Perhaps it’s all those do-it-yourself shows or the house flipping programs on television, but sometimes we get so excited about preparing homes for sale, that we forget to factor in some of the solid rules around investment in property. When we’ve invested time and money in painting and outfitting our kitchen in Hamptons blue and white, and are suddenly taken by the notion that a mosaic of ocean glass coloured tiles to replace our splashback couldn’t be that difficult to DIY, our beautiful renovation can go downhill fast. The ocean glass mosaic might not be a bad idea, but a badly done one could sink our ship. Our house stylist friends are quick to remind us that not every investment we make in our homes will come with a big payoff.
If you’re not careful, you can invest in things that will simply eat up your profit margin. A good rule of thumb when it comes to deciding which home improvement investments will pay off is to aim to get three to five dollars back for every dollar you invest. This is a call that either a very experienced real estate agent or a home stylist (or both) should make with you. Here are some suggestions to help.
- The top item on their list of renovation “no-nos” is DIY projects done badly. Laminated flooring, poorly cut and badly fitted, can destroy the looks and the value of your home. Adding a new tub surround in the main bathroom is easy if you’re a pro. It’s quite another matter if you are an accountant with no experience in bathroom renovations. In other words, if you’re going to make such an investment and have not successfully attempted such a project in the past, you are taking a big gamble.
- Spending money on invisible things. We often mention that if you’re updating appliances and/or equipment you should switch to fuel efficient models. That’s a rule for every day, every year – new home, old home. Whenever you replace an appliance, a toilet, or the air-conditioning unit, step up to energy efficiency for the savings it will bring you in the long term. That does not mean, when selling your property, you’ll get more money if you spend thousands on the techy stuff that can’t be seen. Unless you must replace it anyway, don’t go overboard.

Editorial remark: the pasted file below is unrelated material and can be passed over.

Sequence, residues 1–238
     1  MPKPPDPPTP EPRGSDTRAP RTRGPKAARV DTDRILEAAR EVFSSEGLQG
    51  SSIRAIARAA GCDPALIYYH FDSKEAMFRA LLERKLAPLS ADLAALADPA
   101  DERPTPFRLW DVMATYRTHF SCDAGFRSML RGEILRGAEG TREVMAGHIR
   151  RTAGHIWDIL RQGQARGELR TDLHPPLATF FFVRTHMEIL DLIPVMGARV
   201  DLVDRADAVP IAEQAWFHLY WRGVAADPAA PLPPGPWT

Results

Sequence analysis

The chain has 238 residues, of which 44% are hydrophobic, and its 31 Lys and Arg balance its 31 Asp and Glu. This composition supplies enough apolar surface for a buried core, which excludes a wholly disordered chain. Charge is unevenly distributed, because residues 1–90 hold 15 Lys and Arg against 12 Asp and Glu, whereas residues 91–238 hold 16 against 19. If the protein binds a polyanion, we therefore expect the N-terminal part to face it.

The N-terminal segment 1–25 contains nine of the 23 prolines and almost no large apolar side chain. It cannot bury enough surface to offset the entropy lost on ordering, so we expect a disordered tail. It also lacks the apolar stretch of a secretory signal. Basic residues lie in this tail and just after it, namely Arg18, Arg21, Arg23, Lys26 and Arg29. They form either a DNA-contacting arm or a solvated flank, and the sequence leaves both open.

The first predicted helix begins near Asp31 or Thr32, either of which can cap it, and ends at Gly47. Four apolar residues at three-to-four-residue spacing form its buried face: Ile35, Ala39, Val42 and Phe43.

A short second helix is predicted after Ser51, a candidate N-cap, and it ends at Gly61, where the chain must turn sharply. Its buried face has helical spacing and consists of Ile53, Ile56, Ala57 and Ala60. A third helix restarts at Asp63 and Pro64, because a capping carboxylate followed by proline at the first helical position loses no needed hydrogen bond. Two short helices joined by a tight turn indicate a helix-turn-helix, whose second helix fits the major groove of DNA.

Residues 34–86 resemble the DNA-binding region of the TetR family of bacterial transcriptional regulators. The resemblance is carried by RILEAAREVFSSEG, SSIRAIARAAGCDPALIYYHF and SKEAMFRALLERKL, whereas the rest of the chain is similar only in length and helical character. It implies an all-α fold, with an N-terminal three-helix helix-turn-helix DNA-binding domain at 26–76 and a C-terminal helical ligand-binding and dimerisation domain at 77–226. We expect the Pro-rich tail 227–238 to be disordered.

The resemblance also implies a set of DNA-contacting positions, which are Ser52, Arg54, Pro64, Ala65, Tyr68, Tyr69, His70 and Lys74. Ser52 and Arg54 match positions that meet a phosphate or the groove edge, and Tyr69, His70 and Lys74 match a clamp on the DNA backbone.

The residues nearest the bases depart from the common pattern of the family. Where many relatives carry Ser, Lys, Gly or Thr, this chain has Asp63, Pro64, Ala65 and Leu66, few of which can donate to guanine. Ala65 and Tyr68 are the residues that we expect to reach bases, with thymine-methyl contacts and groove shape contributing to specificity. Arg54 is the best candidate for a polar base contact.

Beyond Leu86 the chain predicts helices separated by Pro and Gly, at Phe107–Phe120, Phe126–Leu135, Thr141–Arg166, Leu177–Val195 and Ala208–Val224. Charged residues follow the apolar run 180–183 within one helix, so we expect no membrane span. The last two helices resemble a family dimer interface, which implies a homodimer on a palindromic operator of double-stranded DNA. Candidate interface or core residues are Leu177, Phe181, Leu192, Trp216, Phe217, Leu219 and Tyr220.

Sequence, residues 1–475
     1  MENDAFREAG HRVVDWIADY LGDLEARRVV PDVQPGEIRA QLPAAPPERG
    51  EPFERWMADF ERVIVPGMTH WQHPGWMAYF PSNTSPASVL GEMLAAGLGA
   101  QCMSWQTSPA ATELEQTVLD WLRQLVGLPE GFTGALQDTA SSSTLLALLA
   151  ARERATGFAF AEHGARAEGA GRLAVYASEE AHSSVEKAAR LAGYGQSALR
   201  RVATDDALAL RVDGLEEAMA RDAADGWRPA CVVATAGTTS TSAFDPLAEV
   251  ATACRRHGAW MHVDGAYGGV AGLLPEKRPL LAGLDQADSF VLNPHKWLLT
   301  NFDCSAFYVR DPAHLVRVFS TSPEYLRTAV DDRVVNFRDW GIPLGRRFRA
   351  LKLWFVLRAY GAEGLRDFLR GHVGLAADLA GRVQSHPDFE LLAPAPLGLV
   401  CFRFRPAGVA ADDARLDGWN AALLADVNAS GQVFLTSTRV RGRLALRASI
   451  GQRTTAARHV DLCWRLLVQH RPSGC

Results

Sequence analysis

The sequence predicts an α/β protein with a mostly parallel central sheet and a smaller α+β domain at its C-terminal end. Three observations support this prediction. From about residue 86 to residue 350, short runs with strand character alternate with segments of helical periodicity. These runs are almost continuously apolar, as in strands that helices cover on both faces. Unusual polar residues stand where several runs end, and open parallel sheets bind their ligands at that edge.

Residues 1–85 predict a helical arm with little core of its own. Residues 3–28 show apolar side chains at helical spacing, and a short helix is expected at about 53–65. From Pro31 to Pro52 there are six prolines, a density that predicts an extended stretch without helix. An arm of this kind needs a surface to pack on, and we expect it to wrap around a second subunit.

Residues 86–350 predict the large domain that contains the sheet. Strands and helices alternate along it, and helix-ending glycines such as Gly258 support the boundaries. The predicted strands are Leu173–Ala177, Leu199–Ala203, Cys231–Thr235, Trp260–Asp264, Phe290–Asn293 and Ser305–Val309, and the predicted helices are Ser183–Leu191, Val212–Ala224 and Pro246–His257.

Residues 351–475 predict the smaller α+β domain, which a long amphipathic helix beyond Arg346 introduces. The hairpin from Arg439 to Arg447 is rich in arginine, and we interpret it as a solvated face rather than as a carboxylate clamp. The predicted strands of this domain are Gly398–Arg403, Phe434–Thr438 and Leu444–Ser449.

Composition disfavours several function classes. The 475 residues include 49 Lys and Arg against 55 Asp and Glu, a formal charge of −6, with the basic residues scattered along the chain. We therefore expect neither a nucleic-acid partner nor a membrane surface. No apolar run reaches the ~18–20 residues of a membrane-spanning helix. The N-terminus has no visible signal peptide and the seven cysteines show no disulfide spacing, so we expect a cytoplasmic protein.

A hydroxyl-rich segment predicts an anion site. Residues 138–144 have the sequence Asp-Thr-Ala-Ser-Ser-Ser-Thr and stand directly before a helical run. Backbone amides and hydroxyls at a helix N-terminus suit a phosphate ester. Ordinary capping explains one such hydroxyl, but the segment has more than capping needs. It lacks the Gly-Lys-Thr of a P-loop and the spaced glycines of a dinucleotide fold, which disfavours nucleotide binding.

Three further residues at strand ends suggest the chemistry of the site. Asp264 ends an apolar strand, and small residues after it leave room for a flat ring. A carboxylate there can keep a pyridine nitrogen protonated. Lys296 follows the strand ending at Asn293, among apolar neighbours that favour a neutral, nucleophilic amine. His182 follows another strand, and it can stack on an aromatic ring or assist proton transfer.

- Be cautious outside. Adding spectacular landscaping and/or a swimming pool is not a good idea unless you plan to enjoy them yourself. Today’s buyers tend to want low maintenance lawns and gardens, and house stylists remind us that, in the eyes of many, a swimming pool is an addition that carries with it loads of liability issues. Again, there are exceptions to this rule – if you’re selling to an upscale market, your agent and your home stylist will advise you if this is a worthwhile investment.
- As tempting as it can be to invest in windows that wash themselves and the clever tricks that technology brings us in the real estate world, these generally fall into the bad idea category. Your buyer will be interested to learn that your home does all the things it’s supposed to simply and without complicated interaction. Your buyer doesn’t want to study the manual in order to turn on the bedroom lights. (However, he might make the effort in the shower if coloured lights and a symphony of water jets are involved.)
Investing in your home in order to sell for a higher price is a good idea if it’s done with careful consideration. Your two best advisors, your staging designer and your sales agent, will be the best sources of information in these choices. They know the market inside out and know what buyers will pay for and what they won’t.
The best investment you can make when it comes to preparing your home for sale is hiring a team of house stylists with the experience, the inventory of furnishings, and the talent to put your house on as many ‘must see’ lists as possible.